Ray Boland meticulously preps his Inspiration rebreather prior to conducting an SPC survey.

Ray Boland meticulously preps his Inspiration rebreather prior to conducting an SPC survey.

If open circuit diving is so obtrusive, why don’t all scientific divers switch to using rebreathers? Because there are some disadvantages to diving with rebreathers which can make life difficult when conducting hundreds or thousands of surveys each year. For one, rebreathers are heavy and bulky, even for me, a 190-pound 6’2” guy. After coercing your body into the 65-pound rebreather and clipping on another 15-pound bailout tank, regular scuba gear feels like floating on a fistful of helium balloons. You also have to deal with much longer setup and breakdown times, more pre-dive preparation and buddy checks, and significantly more expensive gear and consumables. Rather than have everyone switch to rebreather, we are more interested in understanding any differences in fish biomass between open circuit scuba surveys and rebreather surveys. For now, rebreathers are another interesting tool we can use to help monitor and assess reef fish populations around the Hawaiian Islands and U.S. territories in the Pacific Ocean.

Counting Fish: Bubbles or Not? Expedition underway to assess reef fish populations in the Main Hawaiian Islands

From June 14 to July 3, 2015, the NOAA Ship Hi‘ialakai will be the platform for a research cruise to gather data and improve assessments of the status of coral reef fish populations in the main Hawaiian Islands. Led by project leader, Kevin Lino, and lead scientist, Ivor Williams, of the NOAA PIFSC Coral Reef Ecosystem Division (CRED), the cruise is a multi-agency effort, involving participants from the Papahānaumokuākea Marine National Monument, State of Hawai‘i Division of Aquatic Resources, and the University of Hawai‘i.

A school of unicornfish (Naso unicornis) swarm in the coral reefs off the coast of Maui. NOAA photo by Kevin Lino.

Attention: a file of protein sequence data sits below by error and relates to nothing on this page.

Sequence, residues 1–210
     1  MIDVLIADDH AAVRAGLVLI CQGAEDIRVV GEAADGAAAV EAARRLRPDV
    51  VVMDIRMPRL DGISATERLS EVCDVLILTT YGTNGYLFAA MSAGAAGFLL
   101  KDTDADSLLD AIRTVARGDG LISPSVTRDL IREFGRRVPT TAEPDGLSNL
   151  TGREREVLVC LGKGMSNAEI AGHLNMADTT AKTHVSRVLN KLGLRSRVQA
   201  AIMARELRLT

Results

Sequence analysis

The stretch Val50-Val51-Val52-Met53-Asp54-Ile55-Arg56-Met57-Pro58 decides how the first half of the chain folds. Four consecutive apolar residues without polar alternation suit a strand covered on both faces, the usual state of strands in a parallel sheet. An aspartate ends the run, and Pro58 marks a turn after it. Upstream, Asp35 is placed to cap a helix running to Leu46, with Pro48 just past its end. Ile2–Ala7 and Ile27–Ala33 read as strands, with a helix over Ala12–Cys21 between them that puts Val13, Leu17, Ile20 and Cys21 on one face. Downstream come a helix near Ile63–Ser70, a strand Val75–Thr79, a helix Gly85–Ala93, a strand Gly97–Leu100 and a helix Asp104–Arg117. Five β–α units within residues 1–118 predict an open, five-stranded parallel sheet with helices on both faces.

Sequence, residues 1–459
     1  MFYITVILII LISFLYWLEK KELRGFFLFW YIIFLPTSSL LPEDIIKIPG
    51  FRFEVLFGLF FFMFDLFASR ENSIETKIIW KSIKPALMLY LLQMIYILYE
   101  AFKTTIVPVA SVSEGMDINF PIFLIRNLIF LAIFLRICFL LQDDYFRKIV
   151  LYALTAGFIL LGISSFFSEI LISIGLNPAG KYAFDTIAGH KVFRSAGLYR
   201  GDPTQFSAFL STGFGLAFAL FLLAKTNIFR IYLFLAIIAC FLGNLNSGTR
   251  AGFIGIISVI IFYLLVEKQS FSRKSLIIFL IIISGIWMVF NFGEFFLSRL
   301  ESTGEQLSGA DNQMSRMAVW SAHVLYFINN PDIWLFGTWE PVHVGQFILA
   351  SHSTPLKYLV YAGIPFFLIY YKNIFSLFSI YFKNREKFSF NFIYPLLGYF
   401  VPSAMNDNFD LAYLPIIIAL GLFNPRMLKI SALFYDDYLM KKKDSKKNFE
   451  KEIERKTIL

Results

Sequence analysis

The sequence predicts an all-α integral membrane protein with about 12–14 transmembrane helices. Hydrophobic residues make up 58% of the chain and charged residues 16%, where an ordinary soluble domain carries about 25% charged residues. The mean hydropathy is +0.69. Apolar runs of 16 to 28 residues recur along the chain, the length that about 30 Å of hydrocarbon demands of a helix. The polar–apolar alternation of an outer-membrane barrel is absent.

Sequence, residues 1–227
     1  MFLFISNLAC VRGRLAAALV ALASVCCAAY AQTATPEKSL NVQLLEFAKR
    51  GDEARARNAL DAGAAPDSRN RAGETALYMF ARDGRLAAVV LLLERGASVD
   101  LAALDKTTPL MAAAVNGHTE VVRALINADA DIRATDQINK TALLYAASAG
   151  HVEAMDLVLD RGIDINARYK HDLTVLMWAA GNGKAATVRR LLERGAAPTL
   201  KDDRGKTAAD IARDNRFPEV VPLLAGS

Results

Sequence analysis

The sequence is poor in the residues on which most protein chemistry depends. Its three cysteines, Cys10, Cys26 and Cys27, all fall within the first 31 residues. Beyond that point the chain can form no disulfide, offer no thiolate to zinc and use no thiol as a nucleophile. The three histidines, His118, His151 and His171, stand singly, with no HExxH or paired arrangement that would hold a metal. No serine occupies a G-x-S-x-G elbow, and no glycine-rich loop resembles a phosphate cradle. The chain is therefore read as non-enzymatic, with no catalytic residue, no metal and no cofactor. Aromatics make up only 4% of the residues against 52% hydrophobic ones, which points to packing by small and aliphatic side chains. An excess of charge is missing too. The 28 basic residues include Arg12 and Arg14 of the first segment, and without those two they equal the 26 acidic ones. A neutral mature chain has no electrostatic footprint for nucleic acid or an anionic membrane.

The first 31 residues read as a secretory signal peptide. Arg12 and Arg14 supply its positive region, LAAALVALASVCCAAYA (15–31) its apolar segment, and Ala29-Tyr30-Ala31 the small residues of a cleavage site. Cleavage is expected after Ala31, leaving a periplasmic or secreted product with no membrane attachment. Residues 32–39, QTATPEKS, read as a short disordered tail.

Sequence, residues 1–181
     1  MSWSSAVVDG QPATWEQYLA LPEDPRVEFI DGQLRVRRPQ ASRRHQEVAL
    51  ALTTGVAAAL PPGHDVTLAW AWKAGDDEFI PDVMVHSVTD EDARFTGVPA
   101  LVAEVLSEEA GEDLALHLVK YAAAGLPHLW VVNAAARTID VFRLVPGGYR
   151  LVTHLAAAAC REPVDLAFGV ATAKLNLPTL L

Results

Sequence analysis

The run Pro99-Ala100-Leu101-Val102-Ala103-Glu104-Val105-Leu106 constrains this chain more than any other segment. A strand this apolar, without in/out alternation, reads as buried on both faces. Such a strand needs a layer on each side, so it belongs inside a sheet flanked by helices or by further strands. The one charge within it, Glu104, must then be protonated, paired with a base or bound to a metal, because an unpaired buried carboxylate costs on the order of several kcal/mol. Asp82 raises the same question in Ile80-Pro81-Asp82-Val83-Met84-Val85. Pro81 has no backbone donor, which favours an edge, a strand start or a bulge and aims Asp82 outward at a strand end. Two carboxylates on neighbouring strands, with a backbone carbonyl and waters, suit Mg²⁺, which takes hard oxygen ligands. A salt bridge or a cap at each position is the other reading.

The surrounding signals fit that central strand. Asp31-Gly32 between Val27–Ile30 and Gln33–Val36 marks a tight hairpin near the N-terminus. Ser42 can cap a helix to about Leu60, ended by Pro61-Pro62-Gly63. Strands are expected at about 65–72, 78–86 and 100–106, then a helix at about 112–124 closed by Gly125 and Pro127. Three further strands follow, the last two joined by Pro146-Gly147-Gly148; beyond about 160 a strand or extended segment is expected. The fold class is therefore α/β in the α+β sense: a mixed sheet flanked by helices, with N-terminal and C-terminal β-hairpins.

A school of unicornfish (Naso unicornis) swarm in the coral reefs off the coast of Maui. NOAA photo by Kevin Lino.

During the 20-day expedition, scientists plan to conduct approximately 300 underwater visual surveys of reef fishes and habitat, with sites spread widely across coral reef areas in all of the populated Hawaiian Islands, from the Big Island of Hawai‘i to Ni‘ihau. The survey methods and sampling design used for the cruise are consistent with those implemented for NOAA’s existing long-term coral reef monitoring program in the U.S. Pacific, which allows multiple data sets to be readily combined and easily compared.

Scientists survey fish populations using the "Stationary Point Count" method, in which pairs of divers record the number, size, and species of all fishes observed within adjacent visually estimated cylinders 15 meters in diameter. NOAA photo by Paula Ayotte.

Scientists survey fish populations using the “Stationary Point Count” method, in which pairs of divers record the number, size, and species of all fishes observed within adjacent visually estimated cylinders 15 meters in diameter. NOAA photo by Paula Ayotte.

These survey efforts are primarily designed to improve the ability of PIFSC and partners to generate an accurate picture of the status and trends of coral reef fishes around the Hawaiian Islands, but because the overall dataset is highly consistent and widely representative of reef areas across the region, it is suitable for multiple purposes and is being increasingly used for large-scale scientific research by NOAA and external researchers.

Divers conduct surveys from small boats launched from the NOAA Ship Hiʻialakai.

Divers conduct surveys from small boats launched from the NOAA Ship Hiʻialakai.

One project that will be investigated during the cruise will be to compare fish counts gathered by divers on closed-circuit rebreather (CCR) with fish counts by divers using SCUBA. Because divers on CCR do not produce bubbles, they are much quieter and a less intrusive presence in the marine environment. Therefore, it is possible that use of CCR may enable divers to get better information on marine species that are wary of divers.

As with all data collected by NOAA, any information gathered during the cruise will be available on request. All coral reef survey data sets, compiled and analyzed by CRED staff and project partners, are routinely reported in post-cruise monitoring briefs and annual data reports.

Seafloor Mapping Mission Part 2: Hawai‘i Island

By John Rooney
A coral reef typical of those we found off West Hawai‘i.

A coral reef typical of those we found off West Hawai‘i.

A coral reef with the long thin branches of Porities compressa coral that often host numerous reef fish. Note the yellow tang (Zebrasoma flavescens) near the bottom of the photo.

A coral reef with the long thin branches of Porities compressa coral that often host numerous reef fish. Note the yellow tang (Zebrasoma flavescens) near the bottom of the photo.